Energy policy debates usually revolve around science and technology, but a new book co-edited by Michael Pollitt and David Reiner of Cambridge Judge Business School takes a multidisciplinary approach based in the social sciences and humanities.
Discussions of energy policy often tend to drift into debate about how technological solutions advanced by scientists meets resistance in the form of political complexity. A new book co-edited by Professor Michael Pollitt and Dr David Reiner of Cambridge Judge Business School instead adopts a multidisciplinary approach to energy policy – drawing on disciplines as diverse as anthropology, theology, history and the humanities.
The book just published by Cambridge University Press – In Search of Good Energy Policy – is the culmination of a four-year [email protected] project that brought together 20 academics from 11 University of Cambridge departments, and also involved researchers from other universities and centres. There are 40 contributing authors to the book.
“We wanted to hear from anthropologists and lawyers and others in a multidisciplinary approach,” Michael Pollitt, Professor of Business Economics at Cambridge Judge, told a 5 June Cambridge seminar about the new book, which was part of the CRASSH (Centre for Research in the Arts, Social Sciences and Humanities) series of lectures at the University of Cambridge. “This contrasts to a transdisciplinary approach where it’s all mixed together, which often means that each element may not be considered seriously.”
The 398-page book argues that while they are important, science and technology need to be combined with other approaches “because many people are, quite rightly, not fully convinced by scientific arguments in the way that scientists assume they can be or should be.” Chapters include reviews of individual disciplines, case studies from the perspective of the different disciplines, and multi-disciplinary case studies.
Dr David Reiner, University Senior Lecturer at Cambridge Judge, told the seminar that political science as a discipline has not engaged much in energy – but there is in fact plenty that political science can offer in areas often neglected by economists or others involved in energy policy. Sometimes, energy rises up the agenda in major journals, driven either by fluctuating oil prices (most dramatically in the Oil Crises of the 1970s) or technological breakthroughs such as the rise of nuclear power on the wider geopolitical agenda.
In the book, David also discusses the role that carbon capture and storage technologies can play in combating climate change, and steps taken by traditional oil and gas firms to shift to renewable energy sources and away from fossil fuels. While some initiatives have received lots of media coverage, these are exceptions as the overall shift away from fossil fuels by big energy firms is “still marginal at best”.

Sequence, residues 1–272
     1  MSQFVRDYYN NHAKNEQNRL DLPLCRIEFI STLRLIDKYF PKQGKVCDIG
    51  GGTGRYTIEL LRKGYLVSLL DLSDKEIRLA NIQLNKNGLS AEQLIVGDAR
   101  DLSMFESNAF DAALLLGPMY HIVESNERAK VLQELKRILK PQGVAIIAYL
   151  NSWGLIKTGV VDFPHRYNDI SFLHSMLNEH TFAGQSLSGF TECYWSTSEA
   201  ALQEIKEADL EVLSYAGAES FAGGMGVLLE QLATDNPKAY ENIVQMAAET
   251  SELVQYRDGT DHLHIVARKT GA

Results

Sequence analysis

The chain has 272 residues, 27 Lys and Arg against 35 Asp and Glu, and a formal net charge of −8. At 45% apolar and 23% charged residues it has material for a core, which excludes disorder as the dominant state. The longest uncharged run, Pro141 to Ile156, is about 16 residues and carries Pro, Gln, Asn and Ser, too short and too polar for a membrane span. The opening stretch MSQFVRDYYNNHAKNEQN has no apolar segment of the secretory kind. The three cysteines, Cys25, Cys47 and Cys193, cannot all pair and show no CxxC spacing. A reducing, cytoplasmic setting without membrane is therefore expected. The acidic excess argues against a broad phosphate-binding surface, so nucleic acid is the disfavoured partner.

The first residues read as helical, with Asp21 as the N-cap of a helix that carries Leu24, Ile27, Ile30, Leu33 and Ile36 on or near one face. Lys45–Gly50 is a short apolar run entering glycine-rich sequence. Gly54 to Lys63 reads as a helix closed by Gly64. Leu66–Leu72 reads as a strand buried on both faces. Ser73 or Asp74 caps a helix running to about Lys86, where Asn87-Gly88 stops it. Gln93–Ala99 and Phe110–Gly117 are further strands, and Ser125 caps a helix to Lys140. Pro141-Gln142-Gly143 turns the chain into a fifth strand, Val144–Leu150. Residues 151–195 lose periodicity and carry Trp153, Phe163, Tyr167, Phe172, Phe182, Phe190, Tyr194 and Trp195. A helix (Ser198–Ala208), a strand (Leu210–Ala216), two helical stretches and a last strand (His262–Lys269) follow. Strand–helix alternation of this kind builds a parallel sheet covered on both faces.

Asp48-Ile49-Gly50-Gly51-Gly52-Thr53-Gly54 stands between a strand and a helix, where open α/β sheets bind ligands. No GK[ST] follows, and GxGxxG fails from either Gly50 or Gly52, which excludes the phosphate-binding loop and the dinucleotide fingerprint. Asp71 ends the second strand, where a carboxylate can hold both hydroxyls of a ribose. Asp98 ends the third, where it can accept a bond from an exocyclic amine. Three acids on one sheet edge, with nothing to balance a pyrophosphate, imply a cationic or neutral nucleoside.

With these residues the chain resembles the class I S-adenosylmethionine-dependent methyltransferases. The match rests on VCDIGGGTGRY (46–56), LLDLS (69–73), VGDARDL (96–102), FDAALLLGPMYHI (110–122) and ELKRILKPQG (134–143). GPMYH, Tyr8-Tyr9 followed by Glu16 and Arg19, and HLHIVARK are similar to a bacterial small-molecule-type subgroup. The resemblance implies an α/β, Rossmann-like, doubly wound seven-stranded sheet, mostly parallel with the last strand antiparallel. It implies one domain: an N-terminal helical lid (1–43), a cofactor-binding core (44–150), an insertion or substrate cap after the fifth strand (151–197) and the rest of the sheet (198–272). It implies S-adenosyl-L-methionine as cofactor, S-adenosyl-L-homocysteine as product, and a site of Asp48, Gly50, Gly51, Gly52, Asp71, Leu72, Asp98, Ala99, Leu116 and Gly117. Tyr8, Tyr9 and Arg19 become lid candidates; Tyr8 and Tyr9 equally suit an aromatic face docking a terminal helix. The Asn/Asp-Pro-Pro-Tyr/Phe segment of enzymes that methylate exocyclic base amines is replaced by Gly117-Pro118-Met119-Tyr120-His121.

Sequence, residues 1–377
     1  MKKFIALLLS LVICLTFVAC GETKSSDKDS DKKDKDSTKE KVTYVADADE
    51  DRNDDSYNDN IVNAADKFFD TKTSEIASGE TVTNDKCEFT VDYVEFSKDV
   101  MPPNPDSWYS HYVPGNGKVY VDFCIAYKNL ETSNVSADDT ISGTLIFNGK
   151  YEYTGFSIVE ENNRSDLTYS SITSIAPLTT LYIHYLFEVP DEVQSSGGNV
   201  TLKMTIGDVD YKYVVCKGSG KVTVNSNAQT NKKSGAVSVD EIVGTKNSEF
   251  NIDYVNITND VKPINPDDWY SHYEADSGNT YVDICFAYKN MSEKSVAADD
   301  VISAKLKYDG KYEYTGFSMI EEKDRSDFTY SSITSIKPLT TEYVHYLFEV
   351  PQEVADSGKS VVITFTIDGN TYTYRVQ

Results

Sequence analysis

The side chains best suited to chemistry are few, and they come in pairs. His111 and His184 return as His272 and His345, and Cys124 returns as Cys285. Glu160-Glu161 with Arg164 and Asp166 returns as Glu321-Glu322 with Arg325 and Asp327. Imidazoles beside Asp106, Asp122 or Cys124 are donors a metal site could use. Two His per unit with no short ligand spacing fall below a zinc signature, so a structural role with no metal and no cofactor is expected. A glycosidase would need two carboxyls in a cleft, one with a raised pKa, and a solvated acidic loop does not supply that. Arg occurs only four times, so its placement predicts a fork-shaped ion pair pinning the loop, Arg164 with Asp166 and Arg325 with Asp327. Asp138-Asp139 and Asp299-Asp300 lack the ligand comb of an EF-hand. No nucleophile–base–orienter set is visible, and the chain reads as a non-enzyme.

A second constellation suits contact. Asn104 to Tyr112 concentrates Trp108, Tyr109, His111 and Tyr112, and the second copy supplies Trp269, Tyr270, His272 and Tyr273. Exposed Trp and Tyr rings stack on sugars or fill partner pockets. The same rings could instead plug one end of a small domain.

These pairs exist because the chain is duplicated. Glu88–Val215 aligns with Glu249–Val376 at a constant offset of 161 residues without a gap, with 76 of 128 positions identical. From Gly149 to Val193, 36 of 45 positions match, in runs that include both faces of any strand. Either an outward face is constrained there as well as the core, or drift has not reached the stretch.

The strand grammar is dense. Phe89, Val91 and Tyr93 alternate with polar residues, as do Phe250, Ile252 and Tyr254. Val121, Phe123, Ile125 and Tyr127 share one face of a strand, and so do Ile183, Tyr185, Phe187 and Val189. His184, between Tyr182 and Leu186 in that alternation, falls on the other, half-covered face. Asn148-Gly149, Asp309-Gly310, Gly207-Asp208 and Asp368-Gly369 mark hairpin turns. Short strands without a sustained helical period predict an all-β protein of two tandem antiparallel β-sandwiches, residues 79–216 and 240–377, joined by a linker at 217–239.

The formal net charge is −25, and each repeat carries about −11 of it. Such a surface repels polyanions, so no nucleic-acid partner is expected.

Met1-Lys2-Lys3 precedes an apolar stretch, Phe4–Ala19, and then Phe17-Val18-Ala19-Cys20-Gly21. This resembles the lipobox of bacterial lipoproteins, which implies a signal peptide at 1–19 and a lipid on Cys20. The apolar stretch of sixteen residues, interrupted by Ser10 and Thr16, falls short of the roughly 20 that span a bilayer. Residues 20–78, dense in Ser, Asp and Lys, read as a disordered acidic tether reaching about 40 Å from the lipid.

The book is also edited by University of Cambridge members Dr Jonathan Chaplin of the Faculty of Divinity, Dr Paul Warde of the Faculty of History, and Dr Marc Ozawa of the Energy Policy Research Group, who moderated the seminar. Professor Michael Pollitt and Dr David Reiner are Assistant Directors of the Energy Policy Research Group.
At the seminar, Dr Jonathan Chaplin, former Director of the Kirby Laing Institute for Christian Ethics in Cambridge, said that “people may be surprised to hear about energy policy from a theologian” – but in fact, religious leaders have had a lot to say about energy, including a call by Pope Francis for “ecological conversion” ahead of the 2015 United Nations Climate Change Conference in Paris. He added that while many religious documents may be critical of science and technology, that hasn’t stopped religious leaders approvingly citing the consensus scientific view on climate change.
Professor Victor OK Li of the University of Hong Kong discussed his research comparing efforts to fight air pollution in London between 1950 and 1966, and in Beijing between 2000 and 2016. His conclusion: while London was successful in reducing its terrible smog, there was significant improvement in Beijing only around the time of the 2008 Summer Olympics as factories closed and cars were curtailed. He notes in the book that while local authorities were important in implementing cleaner air policies in the UK, local authorities in China “tend to prioritise economic growth” – and about one-third of Beijing’s air pollution is not locally generated.
Other speakers at the seminar include Dr Charlotte Johnson from University College London (on anthropology), Dr Jim Platts from the Institute for Manufacturing at Cambridge, Dr Leslie-Anne Duvic-Paoli from Kings College London presenting her disciplinary case taking a legal perspective on the Aarhus Convention, and Tim Reilly from the Scott Polar Research Institute on the interdisciplinary case of gas pipelines.